Minnesota House Speaker Kurt Zellers, R- Maple Grove, may have heard from some angry professors this week.
During a discussion about cuts to the state's higher education budget, Zellers said that college professors have seen their pay rise while other workers are getting paid less.
"It's... troubling when families have had a 30-or-40 percent pay cut and you see a college professor get a 20-or-30 percent increase in pay," he told Midday host Gary Eichten.
That's not correct. Most public school professors have seen pay cuts and salary freezes, not pay increases.
In 2009, faculty working for the Minnesota State Colleges and Universities system (MnSCU) agreed to a two-year pay freeze.
There were a few exceptions to this rule. Teachers at two-year schools could get a salary bump if they completed additional graduate work. Professors at MnSCU's universities received a 4.8 percent salary increase if they met career milestones. And university faculty promoted during the freeze earned more pay.
The University of Minnesota also tightened pay. During the most recent fiscal year, faculty salaries were cut by 1.15 percent. And in 2010, faculty salaries were frozen.
Daniel Wolter, spokesman for the U of M, says about 100 of the university's 4,100 faculty members at the Twin Cities campus were offered retention pay, which is given to teachers in particularly competitive fields who may be looking to leave the school. He said amounts of that pay vary based on the job and the type of research the professor is doing.
In a separate interview, Zellers said he misunderstood the headline of a 2009 MPR News story that focused on the $300,000 in bonuses paid to top MnSCU administrators, not faculty.
In some instances, college faculty saw pay increases in the last couple of years. But the majority of Minnesota's public school professors have been working under pay freezes and pay cuts.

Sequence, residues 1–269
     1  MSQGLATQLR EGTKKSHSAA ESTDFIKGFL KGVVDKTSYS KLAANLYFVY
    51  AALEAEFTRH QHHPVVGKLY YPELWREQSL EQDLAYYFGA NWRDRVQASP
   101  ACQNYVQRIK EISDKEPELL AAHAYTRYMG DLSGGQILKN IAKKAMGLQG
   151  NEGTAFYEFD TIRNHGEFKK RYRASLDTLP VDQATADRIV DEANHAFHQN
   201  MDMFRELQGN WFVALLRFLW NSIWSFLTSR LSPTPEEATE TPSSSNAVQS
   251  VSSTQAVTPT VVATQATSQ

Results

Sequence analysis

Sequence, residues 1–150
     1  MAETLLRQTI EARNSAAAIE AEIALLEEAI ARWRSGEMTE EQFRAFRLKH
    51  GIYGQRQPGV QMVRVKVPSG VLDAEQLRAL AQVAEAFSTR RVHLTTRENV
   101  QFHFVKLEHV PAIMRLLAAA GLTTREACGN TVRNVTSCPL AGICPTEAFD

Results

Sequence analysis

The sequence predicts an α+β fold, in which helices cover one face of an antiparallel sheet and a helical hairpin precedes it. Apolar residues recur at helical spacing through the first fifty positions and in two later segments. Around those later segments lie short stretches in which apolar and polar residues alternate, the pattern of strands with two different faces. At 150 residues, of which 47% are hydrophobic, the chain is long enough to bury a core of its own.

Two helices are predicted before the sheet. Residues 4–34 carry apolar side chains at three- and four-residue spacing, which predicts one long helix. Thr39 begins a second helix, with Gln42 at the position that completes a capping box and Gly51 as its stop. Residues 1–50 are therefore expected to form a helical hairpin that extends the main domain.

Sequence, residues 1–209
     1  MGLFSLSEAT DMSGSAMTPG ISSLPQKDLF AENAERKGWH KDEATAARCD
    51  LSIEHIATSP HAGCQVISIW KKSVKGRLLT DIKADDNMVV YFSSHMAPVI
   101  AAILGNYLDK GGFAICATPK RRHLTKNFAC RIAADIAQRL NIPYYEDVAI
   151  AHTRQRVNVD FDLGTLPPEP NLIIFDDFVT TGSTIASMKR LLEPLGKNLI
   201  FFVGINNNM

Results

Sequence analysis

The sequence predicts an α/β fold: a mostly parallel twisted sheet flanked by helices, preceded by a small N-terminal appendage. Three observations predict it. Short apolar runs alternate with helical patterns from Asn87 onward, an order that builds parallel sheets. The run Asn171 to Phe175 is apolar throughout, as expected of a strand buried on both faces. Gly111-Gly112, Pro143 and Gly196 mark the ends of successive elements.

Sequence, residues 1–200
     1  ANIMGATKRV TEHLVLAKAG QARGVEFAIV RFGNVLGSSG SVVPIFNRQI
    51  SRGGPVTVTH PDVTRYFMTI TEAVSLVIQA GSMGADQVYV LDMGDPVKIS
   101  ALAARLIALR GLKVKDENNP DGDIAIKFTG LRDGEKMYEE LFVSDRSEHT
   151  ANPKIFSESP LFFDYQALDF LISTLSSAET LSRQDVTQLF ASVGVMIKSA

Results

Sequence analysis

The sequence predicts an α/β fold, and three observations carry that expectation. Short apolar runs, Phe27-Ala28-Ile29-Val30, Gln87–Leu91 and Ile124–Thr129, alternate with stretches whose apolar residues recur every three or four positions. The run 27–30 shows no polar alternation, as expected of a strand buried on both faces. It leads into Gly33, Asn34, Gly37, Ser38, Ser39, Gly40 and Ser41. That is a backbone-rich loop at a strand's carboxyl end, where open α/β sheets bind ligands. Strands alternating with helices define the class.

Zellers' claim is false.
Minnesota Public Radio News, Midday, May 16, 2011
The University of Minnesota, Equity During Budget Cuts, March 31, 2011
Minnesota Public Radio News, MnSCU bonuses to top staffers nears $300K, by Tim Post, Sept. 17, 2009
Minnesota State University - Mankato, State university faculty, MnSCU system reach tentative salary accord, Feb. 23, 2009
Interview, Daniel Wolter, News Service Director, University of Minnesota, May 19, 2011
Interview, Melinda Voss, spokeswoman, Minnesota State Colleges and Universities, May 19, 2011
Interview, Russ Stanton, MnSCU Interfaculty Organization, May 20, 2011
The Humphrey School(2 Comments)
Opponents of the measure are hoping the controversy over Bradlee Dean's appearance before the House of Representatives this morning could be pushing off the proposed constitutional amendment on same-sex marriage down the House agenda.
"I think we won a small victory," said Rep. John Kriesel, of Cottage Grove, just before the House adjourned about 2:30 and went into caucus, without taking up the measure as he'd expected. The House is scheduled to return at 7:45 tonight.
Rep. Steve Gottwald, of St. Cloud, says the amendment proposal he sponsored is teed up and can "be brought up at any time."
But in virtually the next sentence, he called the Dean controversy "very unfortunate" and badly timed.
"The marriage amendment has always been about having a discussion among the people of Minnesota decently, respectfully, about the definition of marriage between one man and one woman," Gottwalt said. "And any other agenda is inappropriate. Especially an agenda about hate. So what happened this morning was both unfortunate and disgusting to some extent. That person should not have been here."
He said he hoped Dean's presence wouldn't be linked to the same sex marriage amendment.
"I would hope that no one would try to link the two together, because we have been absolutely clear about the desire for decency and respect in the conversation about the definition of marriage. So for someone to link hate to this would be very unfortunate."
Gottwalt, though, couldn't say when or if he thought the amendment would come up for a vote.
But opponents believe it could get more difficult in coming days.
There are three full days left, and tomorrow will feature the People's Rally for a Fair Minnesota, which is expected to bring thousands of people to the Capitol -- and possibly tempting the biggest demonstration yet against the marriage amendment.